Globalization and diseases
Globalization is driven and constrained by a number of forces: economic processes, technological developments, political influences, cultural and value systems, and social and natural environmental factors. There is much to be understood about how the wide-ranging changes are impacting on infectious diseases; there is an existing evidence between globalization and infectious diseases in terms of changes in disease distribution, transmission rate and, in some cases, management of disease.
Globalization, the flow of information, goods, capital and people across political and geographic boundaries, has helped to spread some of the deadliest infectious diseases known to humans. The spread of diseases across wide geographic scales has increased through history. Early diseases that spread from Asia to Europe were bubonic plague, influenza of various types, and similar infectious disease.
In the current era of globalization, the world is more interdependent than at any other time. Efficient and inexpensive transportation has left few places inaccessible, and increased global trade in agricultural products has brought more and more people into contact with animal diseases that have subsequently jumped species barriers.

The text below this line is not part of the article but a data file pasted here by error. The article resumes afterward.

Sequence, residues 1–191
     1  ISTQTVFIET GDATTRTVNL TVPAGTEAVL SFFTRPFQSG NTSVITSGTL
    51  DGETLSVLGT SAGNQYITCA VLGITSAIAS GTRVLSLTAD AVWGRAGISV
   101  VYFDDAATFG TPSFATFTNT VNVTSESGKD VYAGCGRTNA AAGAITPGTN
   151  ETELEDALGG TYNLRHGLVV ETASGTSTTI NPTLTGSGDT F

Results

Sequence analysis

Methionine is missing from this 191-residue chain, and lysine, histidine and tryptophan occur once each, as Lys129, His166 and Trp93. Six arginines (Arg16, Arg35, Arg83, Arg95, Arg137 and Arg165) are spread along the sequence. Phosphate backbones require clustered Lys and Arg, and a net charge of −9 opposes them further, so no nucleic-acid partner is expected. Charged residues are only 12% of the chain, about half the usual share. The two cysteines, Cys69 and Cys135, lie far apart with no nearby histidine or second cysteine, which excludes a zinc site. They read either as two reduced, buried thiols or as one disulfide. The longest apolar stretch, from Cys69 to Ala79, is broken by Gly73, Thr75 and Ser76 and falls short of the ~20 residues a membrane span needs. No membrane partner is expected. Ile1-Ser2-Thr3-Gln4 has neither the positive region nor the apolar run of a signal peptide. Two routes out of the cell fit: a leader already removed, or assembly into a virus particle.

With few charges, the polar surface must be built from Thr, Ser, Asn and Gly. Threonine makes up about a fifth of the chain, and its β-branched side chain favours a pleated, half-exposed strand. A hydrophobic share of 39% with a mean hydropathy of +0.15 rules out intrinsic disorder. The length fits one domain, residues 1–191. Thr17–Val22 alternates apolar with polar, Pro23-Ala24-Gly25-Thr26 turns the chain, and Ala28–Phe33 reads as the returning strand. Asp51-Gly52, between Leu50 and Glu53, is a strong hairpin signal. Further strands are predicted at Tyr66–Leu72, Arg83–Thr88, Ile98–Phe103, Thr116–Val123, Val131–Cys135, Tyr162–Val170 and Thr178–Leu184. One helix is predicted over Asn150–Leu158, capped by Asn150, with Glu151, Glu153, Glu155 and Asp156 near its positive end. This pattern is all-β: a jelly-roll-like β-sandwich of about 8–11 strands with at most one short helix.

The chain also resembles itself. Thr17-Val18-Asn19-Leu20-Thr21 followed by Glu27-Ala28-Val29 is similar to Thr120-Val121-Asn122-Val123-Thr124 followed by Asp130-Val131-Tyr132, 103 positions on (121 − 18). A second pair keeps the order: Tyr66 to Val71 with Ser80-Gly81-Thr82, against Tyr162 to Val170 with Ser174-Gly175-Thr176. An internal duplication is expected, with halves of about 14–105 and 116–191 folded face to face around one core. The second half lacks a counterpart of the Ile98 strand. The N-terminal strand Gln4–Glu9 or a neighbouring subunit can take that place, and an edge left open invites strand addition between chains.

Globalization intensified during the Age of Exploration, but trading routes had long been established between Asia and Europe, along which diseases were also transmitted. An increase in travel has helped spread diseases to natives of lands who had not previously been exposed. When a native population is infected with a new disease, where they have not developed antibodies through generations of previous exposure, the new disease tends to run rampant within the population.
To summarize this the etiology, the modern branch of science that deals with the causes of infectious disease, recognizes five major modes of disease transmission: airborne, waterborne, blood borne, by direct contact, and through vector (insects or other creatures that carry germs from one species to another). As humans began traveling overseas and across lands which were previously isolated, research suggests that diseases have been spread by all five transmission modes.